in the days of early Texas, the local newspaper was the major supplier
of news for the citizens. Second only to “word of mouth,” the newspaper
was the only source for people to learn what was going on in their
area and around the state.
It was the custom back then for out-of-town folks to drop by the
paper, when they came to town, and share a yarn or two with an editor
or reporter. Those stories usually found their way to the printed
page for all to read.
Such was the case when E.G. McCoy, of Blanco,
came to Gonzales
and had a chat with the local editor. McCoy’s narrative of an event
involving his father was published in the Inquirer way back in 1879.
His father, John, was a pretty tough ol’ boy and had a natural dislike
for Indians. I think you will find by reading the following article,
that John McCoy wasn’t one to forgive and forget.
The Gonzales Inquirer – Saturday, Feb. 15, 1879
met in town last week Mr. E.G. McCoy, of Blanco
city, from whom we learn the following incident which happened near
this place in 1843.
His father John McCoy, called “Devil John” because of his bravery
and daring, lived near Concrete
in DeWitt County.
One of his neighbors was killed and horribly mutilated. Suspicion
rested upon a tribe of friendly Lipan Indians in the neighborhood.
Mr. McCoy determined to ferret out the perpetrators, and laid his
plans accordingly. Coming to Gonzales
one day he met one of the shrewdest Indians of the tribe, furnished
him an abundance of “fire water,” and soon had him drunk. McCoy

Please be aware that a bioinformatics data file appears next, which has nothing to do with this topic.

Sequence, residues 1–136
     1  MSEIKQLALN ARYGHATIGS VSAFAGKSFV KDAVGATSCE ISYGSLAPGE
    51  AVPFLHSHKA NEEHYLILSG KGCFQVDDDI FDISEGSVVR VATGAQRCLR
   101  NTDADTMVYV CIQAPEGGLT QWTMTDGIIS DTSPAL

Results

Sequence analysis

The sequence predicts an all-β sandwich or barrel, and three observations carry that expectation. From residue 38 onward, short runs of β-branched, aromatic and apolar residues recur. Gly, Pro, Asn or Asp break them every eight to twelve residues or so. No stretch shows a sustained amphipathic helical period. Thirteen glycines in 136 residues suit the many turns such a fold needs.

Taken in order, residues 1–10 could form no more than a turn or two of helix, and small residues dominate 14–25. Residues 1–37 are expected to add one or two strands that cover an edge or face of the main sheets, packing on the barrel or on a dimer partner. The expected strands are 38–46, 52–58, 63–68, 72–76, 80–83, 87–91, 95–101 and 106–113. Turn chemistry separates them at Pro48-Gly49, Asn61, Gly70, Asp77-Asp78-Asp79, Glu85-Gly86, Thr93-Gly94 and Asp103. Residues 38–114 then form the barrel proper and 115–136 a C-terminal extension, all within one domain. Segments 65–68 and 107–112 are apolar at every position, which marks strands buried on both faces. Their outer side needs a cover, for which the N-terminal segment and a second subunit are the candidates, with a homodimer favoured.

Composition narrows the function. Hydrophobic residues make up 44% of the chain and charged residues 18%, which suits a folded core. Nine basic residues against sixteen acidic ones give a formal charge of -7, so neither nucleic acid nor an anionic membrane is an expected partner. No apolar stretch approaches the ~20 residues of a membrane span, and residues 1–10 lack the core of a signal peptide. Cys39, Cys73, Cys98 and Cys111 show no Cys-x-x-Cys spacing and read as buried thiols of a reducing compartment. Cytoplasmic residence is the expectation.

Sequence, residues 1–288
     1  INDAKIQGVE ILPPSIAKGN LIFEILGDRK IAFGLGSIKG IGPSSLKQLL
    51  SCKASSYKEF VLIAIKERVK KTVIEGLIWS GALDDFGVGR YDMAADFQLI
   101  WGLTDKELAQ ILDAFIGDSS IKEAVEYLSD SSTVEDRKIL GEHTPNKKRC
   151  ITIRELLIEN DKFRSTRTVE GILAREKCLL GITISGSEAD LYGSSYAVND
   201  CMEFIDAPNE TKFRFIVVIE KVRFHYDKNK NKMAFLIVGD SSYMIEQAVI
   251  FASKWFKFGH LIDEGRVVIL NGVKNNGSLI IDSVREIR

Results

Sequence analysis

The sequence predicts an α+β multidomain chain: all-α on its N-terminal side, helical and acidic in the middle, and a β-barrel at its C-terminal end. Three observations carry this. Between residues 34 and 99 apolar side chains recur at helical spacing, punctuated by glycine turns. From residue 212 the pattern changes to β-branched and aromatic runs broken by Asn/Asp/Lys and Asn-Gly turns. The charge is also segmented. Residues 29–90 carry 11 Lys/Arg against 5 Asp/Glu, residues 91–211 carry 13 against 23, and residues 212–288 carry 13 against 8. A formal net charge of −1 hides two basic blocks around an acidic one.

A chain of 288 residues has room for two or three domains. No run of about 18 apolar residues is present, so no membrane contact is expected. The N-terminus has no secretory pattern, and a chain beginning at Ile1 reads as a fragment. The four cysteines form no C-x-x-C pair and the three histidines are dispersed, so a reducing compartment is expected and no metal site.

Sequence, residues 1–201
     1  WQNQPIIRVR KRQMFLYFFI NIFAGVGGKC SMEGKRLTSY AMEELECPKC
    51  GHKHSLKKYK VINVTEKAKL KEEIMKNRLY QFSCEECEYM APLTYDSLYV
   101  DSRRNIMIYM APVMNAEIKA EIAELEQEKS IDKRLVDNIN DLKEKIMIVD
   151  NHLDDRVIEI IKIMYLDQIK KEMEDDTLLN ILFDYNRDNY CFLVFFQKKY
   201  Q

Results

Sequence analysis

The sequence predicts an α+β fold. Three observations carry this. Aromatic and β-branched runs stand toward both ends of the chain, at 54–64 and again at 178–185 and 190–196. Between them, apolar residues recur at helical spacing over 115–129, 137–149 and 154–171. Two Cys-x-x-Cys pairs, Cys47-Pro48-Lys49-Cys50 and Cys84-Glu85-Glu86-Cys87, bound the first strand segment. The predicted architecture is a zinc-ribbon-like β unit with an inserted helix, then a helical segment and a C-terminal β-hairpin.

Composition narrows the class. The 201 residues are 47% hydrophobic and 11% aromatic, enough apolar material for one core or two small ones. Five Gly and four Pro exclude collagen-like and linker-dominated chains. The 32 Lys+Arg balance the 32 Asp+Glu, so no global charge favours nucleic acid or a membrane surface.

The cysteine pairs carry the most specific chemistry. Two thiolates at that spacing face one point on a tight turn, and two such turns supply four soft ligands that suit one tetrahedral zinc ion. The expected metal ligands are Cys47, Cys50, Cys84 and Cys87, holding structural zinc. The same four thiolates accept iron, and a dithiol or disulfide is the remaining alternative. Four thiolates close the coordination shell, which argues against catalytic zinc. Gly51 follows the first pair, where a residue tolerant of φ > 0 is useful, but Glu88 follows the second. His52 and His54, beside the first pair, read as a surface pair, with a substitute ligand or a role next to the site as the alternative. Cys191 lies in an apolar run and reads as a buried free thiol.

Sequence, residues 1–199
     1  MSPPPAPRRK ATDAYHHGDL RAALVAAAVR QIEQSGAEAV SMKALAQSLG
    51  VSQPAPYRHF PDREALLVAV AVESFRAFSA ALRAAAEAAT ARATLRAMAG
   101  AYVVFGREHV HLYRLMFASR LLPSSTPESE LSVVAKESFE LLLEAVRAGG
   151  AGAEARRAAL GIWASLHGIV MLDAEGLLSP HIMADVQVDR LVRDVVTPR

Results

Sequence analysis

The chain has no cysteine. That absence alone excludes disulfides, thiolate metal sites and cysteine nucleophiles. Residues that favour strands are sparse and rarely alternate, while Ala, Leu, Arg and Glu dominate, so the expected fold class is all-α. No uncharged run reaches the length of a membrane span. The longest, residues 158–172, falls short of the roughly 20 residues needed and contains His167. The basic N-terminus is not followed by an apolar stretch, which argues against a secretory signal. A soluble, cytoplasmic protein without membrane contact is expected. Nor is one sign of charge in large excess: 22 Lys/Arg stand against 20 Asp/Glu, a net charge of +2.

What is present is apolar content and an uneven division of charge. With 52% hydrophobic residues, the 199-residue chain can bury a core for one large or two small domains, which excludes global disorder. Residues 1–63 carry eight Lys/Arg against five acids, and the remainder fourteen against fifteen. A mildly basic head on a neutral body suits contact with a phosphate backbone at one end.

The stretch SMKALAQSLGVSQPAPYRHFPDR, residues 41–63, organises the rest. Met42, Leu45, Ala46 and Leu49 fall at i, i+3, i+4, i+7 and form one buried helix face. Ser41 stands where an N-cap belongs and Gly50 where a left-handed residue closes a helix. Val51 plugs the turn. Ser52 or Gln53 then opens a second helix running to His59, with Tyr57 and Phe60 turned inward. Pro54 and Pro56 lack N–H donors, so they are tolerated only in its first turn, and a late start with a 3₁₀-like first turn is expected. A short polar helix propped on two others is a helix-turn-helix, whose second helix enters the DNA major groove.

proposed to go to the tribe and buy hides.
Taking the Indian up behind him on his horse he started for the
old Matthis ford, and when near the river mentioned that a mean,
bad white man had been killed. The Indian replied, “Yes, me help
kill him; me tomahawk and scalp him,” and proceeded to mock the
victim’s agonies of torture.
This was all McCoy wanted. “You helped kill him, did you?” asked
McCoy. “Yes, me scalp him,” said the Indian. “Well,” said McCoy,
“I’ll settle your hash.” Reaching around behind him he seized the
Indian and pulled him off the horse. The Indian had a white bone-handled
bowie knife in his leggings. This McCoy seized and cut off a scalp
lock from one side of the Indian’s head, with a small portion of
the skin adhering, and placed it in his belt.
He then cut off a similar piece from the other side and placed it
in the Indian’s belt. This was fair division, and significant of
friendship. He then released the Indian. As the latter rose he said
to McCoy, “Me kill you and your family before three moons.” Thereupon
McCoy knocked him down and, running the point of his knife under
the skin just below the hair clear around the Indian’s head, jerked
his scalp off.
Releasing the Indian McCoy told him to run, telling him if he caught
him before he reached a certain clump of trees he would kill him.
The Indian fled. McCoy mounted his horse and pursued, but the Indian
News of it got abroad, and McCoy was arrested and brought to trial.
The judge asked him if he had not admitted the deed, McCoy answered,
“Yes, but I now deny it, and you must prove it.” No proof being
produced he was discharged. He then said, “Judge, you can’t try
a man twice for the same offense can you?” Being answered in the
negative, he declared: “Well, judge, I did scalp that Indian, but
you failed to prove it.”
Mr. McCoy was half brother to Jesse McCoy, who was the only man
who went out and returned to the Alamo
after it was besieged. He fell in that siege.
Mr. E.G. McCoy is here looking after the McCoy estate.
June 3, 2011 column